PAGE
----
Help for Being Quick to React

I had mentioned in previous blogs that many spouses have been showing up needing help with their partner. 2020 and now 2021 has brought a slew of new dynamics to deal with in romantic relationships. Tempers be a flying!

Have you ever been talking with someone, maybe a lover, a friend or family member and became immediately triggered? I’m raising my hand for all of these people. It’s usually that one person who does that one thing that gets under your skin. Arg! You wonder when it will ever get better and have had thoughts of extricating this person from your life, but you love them.

Why does this happen? Often when we are easily triggered, there can be a wound that needs to be dealt with and this person, whether knowing it or not, has been chosen to help us heal it. There are lessons to be learned, whether we want to grow or not. If we can face exactly what is showing up for us to deal with, we can become more empowered than taken out in our lives.

If we choose to blame the other person and decide that they are why we are suffering, we remain a victim and give that person our power. What if there’s a way to be able to heal and not overreact with these button pushers? Or what if there is at least a way to not lash out in the heat of the moment and say something we can’t take back. Over my life, I’ve had my fair share of outburst and blow outs. These tips are how I’ve been able to change my own behavior and in turn have more loving relationships.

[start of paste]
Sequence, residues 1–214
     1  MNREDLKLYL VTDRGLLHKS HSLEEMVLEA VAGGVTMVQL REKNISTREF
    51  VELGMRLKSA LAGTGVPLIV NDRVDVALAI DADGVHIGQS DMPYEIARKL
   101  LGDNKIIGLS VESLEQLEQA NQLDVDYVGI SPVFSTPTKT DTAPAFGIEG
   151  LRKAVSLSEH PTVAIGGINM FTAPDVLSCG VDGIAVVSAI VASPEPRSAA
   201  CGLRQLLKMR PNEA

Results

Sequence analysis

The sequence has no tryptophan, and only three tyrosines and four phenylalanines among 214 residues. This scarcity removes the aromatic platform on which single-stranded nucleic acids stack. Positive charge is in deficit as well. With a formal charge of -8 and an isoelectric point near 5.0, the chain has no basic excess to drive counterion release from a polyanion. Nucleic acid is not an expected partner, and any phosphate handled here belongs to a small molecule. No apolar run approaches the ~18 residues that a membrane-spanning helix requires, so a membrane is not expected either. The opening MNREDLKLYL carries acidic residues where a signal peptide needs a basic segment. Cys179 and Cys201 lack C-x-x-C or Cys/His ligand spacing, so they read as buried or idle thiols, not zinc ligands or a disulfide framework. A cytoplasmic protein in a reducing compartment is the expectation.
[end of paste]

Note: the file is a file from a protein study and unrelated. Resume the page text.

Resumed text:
I want to share a couple of tips that have been helping me and my clients when triggered.

  1. When you feel that tension arising in your body, count to ten and realize you are heading into the danger zone for your body, well being, and for your relationship. Make some sort of statement that you are feeling a lot of tension right now and that you need to step away now. If the person insists that you stay, you can broken-record it by saying you can’t and you’ll be back when you can get centered. #boundaries
  2. Calm your nerves. As much as we want to, we can’t have a rational conversation when we’re in an emotionally reactive state. The part of our brain that has ration is not accessible to us and we can do some serious damage if we try to hash it out when emotions are flaring. Go to a place where you can have no interruptions, even if it’s the bathroom. Take some deep breaths and be with yourself and allow your emotions to flow. This also helps with clients who are dealing with adrenal fatigue and can’t handle having a body system shut down.
  3. Reflect on what happened by asking yourself why you’re upset. Once you’re ready, you can return to the person and tell them your insights or ask for something you may need moving forward.

Doing this, not only saves you needless nervous system trauma, it also saves your relationships.

It’s never easy changing our behavior and we certainly can’t change another person’s behavior. We can, however, help our body, mind and our relationships by being the person to break the destructive pattern that causes a wedge with the people we love.